Extensive and wild woodland. Plenty of mice and birds on huge open spaces. A choice of bushes to rest in after hunting and old trees with caves ideal for nurseries. Hainich is a picture-book habitat for the rare wildcat.
Small, light clearings, meadows hidden in the woods and calm hedges along the forest skirts are the favourite spots of wildcats. The more diverse inner structures a forest has, the deeper wildcats go and make it their home.
At the moment (2017), around 60 animals live here, and an estimated 300 in the whole of Thuringia. Not that long ago, wildcats lived almost everywhere in Europa. But the wildcat's habitat has diminished considerably. Their last retreat areas are scattered like islands in the sea. Since these areas are often crisscrossed by roads, the most common cause of death of wildcats is being run over by cars.
Hainich National Park is an important stepping stone for the survival and re-dispersion of the elsewhere highly endangered species. Here it finds large, unfragmented woods with plenty of hiding places and a structually rich vegetation with glades, tree hollows and deadwood. They do not like and avoid huge open spaces, for example large agricultural fields with monocultures.
In the autumn, the wildcat offspring embark on their journey to find their own territory. The territories of the male wildcats are with up to 40 km2 significantly larger than those of the females (2 – 11 km2). In order to ensure the wildcat's survival, the BUND has started to create a 20,000 km long "safety net" for the wildcats: green corridors of bushes, trees, shaws along fields, wooded islands and wildlife crossings.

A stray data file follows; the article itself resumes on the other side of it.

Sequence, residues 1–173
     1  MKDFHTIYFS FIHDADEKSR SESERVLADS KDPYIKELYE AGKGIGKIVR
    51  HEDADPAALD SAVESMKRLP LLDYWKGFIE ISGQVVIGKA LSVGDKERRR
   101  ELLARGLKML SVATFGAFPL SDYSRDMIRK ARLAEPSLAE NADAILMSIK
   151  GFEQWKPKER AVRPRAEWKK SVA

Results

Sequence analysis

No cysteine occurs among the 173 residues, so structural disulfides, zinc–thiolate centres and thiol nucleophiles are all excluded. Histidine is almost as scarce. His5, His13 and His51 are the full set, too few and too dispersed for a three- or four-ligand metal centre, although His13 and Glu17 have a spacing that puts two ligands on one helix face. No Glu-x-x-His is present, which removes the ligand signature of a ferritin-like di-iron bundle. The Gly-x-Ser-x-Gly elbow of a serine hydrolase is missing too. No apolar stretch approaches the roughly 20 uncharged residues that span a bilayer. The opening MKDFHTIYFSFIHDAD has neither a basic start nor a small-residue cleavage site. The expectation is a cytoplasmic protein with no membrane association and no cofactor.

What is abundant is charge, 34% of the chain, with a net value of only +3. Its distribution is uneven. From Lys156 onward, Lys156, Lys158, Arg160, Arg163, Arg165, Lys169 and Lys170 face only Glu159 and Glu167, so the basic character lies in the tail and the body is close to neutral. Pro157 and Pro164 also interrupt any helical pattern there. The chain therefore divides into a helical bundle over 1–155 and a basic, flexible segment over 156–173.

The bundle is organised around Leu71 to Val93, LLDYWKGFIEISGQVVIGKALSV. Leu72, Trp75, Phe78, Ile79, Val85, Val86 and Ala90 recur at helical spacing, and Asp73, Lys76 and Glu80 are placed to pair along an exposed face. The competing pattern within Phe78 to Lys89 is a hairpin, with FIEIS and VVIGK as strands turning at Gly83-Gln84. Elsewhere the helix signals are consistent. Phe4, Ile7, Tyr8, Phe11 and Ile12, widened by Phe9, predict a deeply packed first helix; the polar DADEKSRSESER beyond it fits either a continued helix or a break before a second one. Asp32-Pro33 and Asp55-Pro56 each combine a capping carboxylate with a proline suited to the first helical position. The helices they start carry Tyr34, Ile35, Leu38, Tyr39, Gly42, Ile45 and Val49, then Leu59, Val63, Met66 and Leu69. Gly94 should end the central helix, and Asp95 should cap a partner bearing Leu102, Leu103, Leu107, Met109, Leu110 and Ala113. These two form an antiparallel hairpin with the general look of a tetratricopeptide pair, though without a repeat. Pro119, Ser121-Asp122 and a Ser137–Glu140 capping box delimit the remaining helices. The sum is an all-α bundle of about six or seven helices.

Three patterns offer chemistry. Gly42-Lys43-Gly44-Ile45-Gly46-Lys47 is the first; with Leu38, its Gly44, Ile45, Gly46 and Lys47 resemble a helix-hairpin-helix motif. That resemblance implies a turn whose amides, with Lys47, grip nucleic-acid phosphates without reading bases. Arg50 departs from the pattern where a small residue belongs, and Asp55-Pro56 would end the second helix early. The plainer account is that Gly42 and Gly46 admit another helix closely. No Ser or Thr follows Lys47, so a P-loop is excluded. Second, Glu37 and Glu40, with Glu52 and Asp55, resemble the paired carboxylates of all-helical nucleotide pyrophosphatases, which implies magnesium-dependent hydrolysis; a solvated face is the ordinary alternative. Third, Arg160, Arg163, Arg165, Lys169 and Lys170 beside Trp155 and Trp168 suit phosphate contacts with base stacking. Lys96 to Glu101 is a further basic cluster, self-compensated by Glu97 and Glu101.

Find more information on the "Safety Net for the European Wildcat" go to the BUND website.
The wildcat looks similar to a tabby domestic cat, but with a bushy black-ringed tail with a dull black tip. It appears much stockier than a domestic cat, and yet the two might be mistaken for one another.
On the top of the wildcat's menu are mice. Only in rare cases it catches birds or reptiles. Wildcats have almost no predators in Thuringia. Only eagle owls and loose dogs can be a danger to them here.
Even our national park rangers get to see these shy nocturnal hunters hardly ever. All visitors of the Wildcat Village Hütscheroda however can see four live specimen of this iconic animal.